Apex Law Service: 4th Amendment Issues.
Hi, James Polk here with Apex Law Service. www.ApexLawService.com is our website and we do outsourced paralegal work in the criminal defense arena for Attorneys who hire us to find Clients who need to defend themselves against criminal charges. If you’re a Client and you need to hire an Attorney you can hire us first and then what we do is we do paralegal hours at a lower rate than most Law Firms. We charge $71.25 an hour whereas most Law Firms charge $125 to $280 dollars an hour. The Attorneys charge $300 to $350 an hour depending on if it’s the main Attorney or an Associate Attorney.
A newer pair of Supreme Court rulings which both have to do with the 4th Amendment and Vehicle Searches, but with very different circumstances are Collins v. Virginia (2018) and Byrd v. United States (2018). These two cases were brought to my attention when I found an interesting 2017 article on the website PoliceOne.com about upcoming Supreme Court Decisions regarding the 4th Amendment. The Article left me with a cliffhanger, so I decided to write a small synopsis of the cases for you. Here they are.
Collins v. Virginia (2018) is a case involving a motorcyclist going approximately 140 mph and a police officer who looses the guy but then finds a motorcycle at the top of a driveway under a tarp. The police officer lifts up the tarp and sees the same license plate from a picture the officer was able to capture even though the rider was going 140 mph. The argument was over whether the automobile exception to the 4th Amendment requirement for a search warrant or the curtilage rule with respect to the 4th Amendment was the weightier legal principle. Exigent circumstances were affirmed by the State Appeals Court, but not affirmed by the Supreme Court and so they were not at issue in the Supreme Court Ruling.
The Supreme Court ruled 8-1 that the Curtilage Rule, which dictates that the immediate surrounding area around a house is the same as a house with respect to the legal requirement for a law enforcement officer to obtain a search warrant to search the area, guides the case and not the vehicle exception. The basic reasoning is that the case would create a bad precedent for an intrusion into the law pertaining to privacy within curtilage area. Justice Samuel Alito was the dissent and he argued that it was completely reasonable to lift the tarp. Maybe like the Concurring Opinion in the case Illinois v. Perkins some jurisdiction (in this instance Florida) will be influenced by the dissent and it will become part of that State’s case law (the Florida Case is Voltaire v. State (1997)), but for now the rule stands that a vehicle within the curtilage is covered under the Curtilage Rule and not the Vehicle Exception.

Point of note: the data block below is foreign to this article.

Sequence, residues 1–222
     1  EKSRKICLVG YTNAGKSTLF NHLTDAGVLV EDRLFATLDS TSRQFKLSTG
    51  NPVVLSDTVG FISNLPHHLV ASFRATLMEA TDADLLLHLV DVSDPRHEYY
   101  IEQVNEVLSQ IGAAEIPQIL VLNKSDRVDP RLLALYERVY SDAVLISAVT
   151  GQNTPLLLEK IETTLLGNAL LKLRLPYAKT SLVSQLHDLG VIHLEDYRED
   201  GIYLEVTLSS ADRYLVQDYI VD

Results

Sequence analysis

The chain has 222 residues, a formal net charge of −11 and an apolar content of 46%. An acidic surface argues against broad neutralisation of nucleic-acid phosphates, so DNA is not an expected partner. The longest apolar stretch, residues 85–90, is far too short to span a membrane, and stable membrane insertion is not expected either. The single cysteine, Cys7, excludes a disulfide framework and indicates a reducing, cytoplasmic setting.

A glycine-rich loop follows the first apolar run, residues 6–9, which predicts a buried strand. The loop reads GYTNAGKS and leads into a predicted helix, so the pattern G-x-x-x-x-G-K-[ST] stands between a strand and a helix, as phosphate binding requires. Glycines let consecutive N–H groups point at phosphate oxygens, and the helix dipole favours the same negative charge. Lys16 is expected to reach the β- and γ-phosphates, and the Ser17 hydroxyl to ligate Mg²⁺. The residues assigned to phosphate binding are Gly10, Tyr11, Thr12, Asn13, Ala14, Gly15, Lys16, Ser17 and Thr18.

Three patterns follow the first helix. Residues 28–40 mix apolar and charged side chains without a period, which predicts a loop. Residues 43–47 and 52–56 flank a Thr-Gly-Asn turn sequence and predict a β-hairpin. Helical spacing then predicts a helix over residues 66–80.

Byrd v. United States (2018) is a case about a man who was pulled over in a rental car with his hands at the 10-2 driving position for those two very reasons. It just seemed oddly anxious if you will and suspicious due to the car being a rental. The man was searched and his trunk was searched revealing heroin and body armor. The case was ultimately fought based on the opposing arguments about whether consent was required to search the trunk of a rental vehicle driven by a person not on the rental agreement. The police say Byrd consented, but Byrd contends that he did not. The ruling came down that though he was not on the rental agreement, the fact that the person who was on the rental agreement had the right to allow Byrd to drive and therefore Byrd had a reasonable expectation of privacy. Byrd had complete and total legal dominion and control of the vehicle since it was not stolen.
We look forward to helping you go through this very touchy situation and we look forward to getting you all the way through and helping you move on with your life out and past this situation. Thank you for tuning in to www.ApexLawService.com.
James F. Polk
Senior Administrative Coordinating Paralegal for Apex Law Service